In 1970, one of the original painters of this unconnected group of artists, Alfred Hair, self-proclaimed as a leader or main catalyst and soul of the group, was killed. While a few claim some of the group's creative energy and direction were lost, and the remaining members created fewer paintings causing productivity to wane. However, the remaining 25 artists and the vast quantity of paintings produced after 1970 further confirm the invaildity of the claim. In October 2017, 12 of the 13 living original Highwaymen painters (including one woman), are still actively painting.[6]

In the mid-1990's Jim Fitch, a Florida art historian, and Jeff Klinkenberg, of the St. Petersburg Times wrote several newspaper articles about the Florida Highwaymen. The attention created new interest for their idyllic landscapes of natural settings in Florida igniting sales of the paintings. This activity increased the value significantly of the artwork and a created an unprecedented demand. All 26 Florida Highwaymen were inducted into the Florida Artists Hall of Fame in 2004.[7]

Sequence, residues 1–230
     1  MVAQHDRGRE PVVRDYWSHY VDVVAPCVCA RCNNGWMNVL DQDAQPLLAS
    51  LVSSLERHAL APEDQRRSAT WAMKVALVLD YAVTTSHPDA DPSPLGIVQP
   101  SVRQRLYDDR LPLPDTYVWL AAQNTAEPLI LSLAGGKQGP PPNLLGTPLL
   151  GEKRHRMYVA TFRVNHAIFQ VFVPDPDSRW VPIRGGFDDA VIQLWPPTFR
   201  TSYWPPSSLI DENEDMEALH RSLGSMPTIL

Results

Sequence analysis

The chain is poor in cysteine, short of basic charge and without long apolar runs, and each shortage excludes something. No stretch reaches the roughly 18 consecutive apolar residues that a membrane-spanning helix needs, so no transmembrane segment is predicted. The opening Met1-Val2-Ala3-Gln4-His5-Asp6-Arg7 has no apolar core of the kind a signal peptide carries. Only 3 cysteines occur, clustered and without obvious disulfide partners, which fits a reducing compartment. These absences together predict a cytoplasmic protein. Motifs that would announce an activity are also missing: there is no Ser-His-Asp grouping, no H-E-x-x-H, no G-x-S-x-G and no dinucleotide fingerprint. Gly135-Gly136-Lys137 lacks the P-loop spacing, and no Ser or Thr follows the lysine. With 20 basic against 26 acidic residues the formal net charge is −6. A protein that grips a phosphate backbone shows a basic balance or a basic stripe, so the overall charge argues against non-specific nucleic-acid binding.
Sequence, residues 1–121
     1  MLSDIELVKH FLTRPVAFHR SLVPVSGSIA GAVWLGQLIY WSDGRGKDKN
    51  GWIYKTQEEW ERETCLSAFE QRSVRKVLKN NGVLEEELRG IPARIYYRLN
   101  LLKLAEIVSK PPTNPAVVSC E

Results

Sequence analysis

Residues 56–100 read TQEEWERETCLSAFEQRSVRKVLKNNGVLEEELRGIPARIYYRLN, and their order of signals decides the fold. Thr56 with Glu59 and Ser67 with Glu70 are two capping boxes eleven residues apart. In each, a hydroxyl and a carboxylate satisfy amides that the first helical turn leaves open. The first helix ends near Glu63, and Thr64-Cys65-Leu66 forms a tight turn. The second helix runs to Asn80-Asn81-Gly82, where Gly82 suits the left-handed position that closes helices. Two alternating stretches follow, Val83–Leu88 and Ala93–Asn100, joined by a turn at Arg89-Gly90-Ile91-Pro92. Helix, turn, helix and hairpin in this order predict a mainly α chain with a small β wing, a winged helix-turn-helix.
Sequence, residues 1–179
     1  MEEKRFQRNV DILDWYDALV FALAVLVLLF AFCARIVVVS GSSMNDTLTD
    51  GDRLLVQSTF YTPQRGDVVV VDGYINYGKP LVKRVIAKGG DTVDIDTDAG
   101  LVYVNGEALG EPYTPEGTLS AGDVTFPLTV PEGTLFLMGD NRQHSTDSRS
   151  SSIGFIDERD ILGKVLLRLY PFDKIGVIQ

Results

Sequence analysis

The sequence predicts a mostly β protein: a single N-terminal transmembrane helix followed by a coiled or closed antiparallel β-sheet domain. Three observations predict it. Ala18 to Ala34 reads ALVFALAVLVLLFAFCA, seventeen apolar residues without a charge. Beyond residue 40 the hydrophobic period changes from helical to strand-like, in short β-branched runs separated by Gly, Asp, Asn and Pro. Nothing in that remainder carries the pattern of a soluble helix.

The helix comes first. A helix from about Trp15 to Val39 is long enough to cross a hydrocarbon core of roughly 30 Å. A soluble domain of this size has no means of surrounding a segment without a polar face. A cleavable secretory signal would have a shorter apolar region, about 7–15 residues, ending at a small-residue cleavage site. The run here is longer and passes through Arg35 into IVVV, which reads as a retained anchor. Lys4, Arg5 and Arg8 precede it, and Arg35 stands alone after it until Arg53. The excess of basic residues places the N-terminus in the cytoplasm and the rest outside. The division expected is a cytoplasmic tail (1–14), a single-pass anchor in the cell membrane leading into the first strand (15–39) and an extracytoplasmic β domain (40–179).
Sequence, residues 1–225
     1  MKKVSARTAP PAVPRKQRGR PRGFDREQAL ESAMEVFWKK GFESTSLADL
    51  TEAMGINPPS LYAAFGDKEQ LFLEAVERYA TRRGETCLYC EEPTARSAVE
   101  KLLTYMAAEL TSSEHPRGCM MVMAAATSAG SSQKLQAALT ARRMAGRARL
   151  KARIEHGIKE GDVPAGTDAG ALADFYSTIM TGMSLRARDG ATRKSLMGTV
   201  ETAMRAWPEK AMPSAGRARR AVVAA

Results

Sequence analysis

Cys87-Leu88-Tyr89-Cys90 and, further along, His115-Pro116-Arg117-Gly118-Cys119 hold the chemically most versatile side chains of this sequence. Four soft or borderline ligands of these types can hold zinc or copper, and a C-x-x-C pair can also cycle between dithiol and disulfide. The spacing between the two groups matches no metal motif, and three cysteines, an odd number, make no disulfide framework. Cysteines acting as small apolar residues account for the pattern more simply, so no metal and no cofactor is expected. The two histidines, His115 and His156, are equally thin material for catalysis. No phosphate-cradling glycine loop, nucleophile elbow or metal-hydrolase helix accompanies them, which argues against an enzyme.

Their renown grew internationally during the early 2000's and they have been rightfully recognized for their extensive contribution and vivid documentation of mid-twentieth century Florida culture and history. Of the remaining artists in the original group (13 deceased) all but one artist continue to paint to this day, more than 50 years since they first started to paint, even though most artists are now in their 70's and some nearing their 80's. Over time their style has evolved into more carefully created works and away from the original "fast painting" techniques that enabled them to produce large quantities of paintings in their early years.